Sunday, January 24, 2010

Lost in the Cotswolds

It was a beautiful day today: sunny and 5 °C. We got a bit of a late start, but had a good breakfast, a quick grocery shop, and then we were on the road to our chosen destination for the day: Brimpsfield. The walk we had picked out would take us from there to the village of Caudle Green and back.

We weren't long in Brimpsfield before the charm of village living became apparent: the village hall that promised free parking could've been mistaken for anyone's house, and pigs, chickens and a horse shared a field across the road from it. So peaceful. And, down at the T-junction that was the 'busy' spot in the village, the ubiquitous war memorial with a fresh poppy wreath, surrounded by little wooden crosses.

The map in our guide book was decidedly lacking on landmarks, but well-versed in the language of stiles and berms now, we started out with confidence. It wasn't long, however, before we started scratching our heads and doubling back on some of our choices. Still, we felt we were heading true, keeping the water -- the one landmark of any consequence -- on the appropriate side of us at all times. And the scenery was incredible, as usual; this was one of my favourite walks -- at that point, anyway.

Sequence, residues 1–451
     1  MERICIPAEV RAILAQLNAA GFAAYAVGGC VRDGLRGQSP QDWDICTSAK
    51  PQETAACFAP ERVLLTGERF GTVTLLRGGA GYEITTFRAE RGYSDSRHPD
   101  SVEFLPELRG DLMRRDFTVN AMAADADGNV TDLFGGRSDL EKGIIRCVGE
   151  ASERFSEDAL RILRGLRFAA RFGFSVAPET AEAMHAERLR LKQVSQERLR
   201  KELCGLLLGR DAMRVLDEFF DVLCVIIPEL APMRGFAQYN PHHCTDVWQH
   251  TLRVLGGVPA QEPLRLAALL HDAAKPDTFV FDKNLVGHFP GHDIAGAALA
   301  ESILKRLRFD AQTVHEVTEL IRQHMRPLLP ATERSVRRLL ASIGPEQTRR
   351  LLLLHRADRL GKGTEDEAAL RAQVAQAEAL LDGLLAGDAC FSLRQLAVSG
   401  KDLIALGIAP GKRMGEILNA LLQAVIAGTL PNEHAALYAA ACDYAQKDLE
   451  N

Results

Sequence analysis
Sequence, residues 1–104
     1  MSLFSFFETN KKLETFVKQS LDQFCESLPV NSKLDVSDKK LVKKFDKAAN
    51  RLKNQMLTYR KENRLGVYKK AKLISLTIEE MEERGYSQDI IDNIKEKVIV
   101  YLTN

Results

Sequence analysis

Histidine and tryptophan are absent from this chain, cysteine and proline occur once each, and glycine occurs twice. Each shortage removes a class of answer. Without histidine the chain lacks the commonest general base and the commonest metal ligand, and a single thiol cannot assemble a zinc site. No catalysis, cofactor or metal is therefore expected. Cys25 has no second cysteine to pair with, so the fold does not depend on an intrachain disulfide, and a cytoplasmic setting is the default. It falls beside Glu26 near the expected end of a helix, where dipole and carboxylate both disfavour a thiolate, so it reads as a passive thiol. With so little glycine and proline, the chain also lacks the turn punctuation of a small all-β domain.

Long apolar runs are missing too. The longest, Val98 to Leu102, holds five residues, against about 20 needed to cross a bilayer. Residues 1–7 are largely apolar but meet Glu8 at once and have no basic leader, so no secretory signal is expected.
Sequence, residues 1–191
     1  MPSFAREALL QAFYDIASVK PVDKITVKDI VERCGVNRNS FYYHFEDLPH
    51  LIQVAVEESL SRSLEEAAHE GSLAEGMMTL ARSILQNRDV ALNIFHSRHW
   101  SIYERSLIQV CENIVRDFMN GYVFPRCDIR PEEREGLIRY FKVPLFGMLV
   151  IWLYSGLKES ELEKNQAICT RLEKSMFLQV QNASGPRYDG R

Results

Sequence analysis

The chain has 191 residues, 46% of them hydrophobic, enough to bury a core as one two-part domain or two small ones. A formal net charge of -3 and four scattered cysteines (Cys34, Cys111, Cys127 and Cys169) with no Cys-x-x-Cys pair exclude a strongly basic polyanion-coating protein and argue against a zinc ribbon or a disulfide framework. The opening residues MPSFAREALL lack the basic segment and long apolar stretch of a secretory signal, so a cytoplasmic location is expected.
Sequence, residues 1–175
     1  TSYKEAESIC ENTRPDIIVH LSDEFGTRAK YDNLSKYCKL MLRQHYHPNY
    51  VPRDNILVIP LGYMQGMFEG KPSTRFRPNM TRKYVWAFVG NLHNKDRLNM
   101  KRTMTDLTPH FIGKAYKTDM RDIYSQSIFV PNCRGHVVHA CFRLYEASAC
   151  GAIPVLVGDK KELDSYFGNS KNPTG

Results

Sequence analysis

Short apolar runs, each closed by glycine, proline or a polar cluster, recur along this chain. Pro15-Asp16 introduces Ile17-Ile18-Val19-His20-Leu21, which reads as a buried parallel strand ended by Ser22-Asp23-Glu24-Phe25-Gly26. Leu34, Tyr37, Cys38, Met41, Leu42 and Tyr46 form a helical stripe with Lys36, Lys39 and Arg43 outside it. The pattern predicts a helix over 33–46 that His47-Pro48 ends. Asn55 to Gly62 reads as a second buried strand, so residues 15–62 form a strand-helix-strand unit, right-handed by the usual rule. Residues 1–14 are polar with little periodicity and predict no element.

As we approached what we thought was the halfway point, we had some difficulty finding Caudle Green. I'd heard it's nice, but after a bit of looking, we decided to take a shortcut and start heading back. (The walk provided for this option, so there was no case for alarm -- yet.) As we approached a village from below, feeling very smug about how good we felt, this close to the end of the walk, doubt began to creep into Tea's mind. I assured her that we'd recognize something once we'd crested the hill, and make our way to the village hall by road.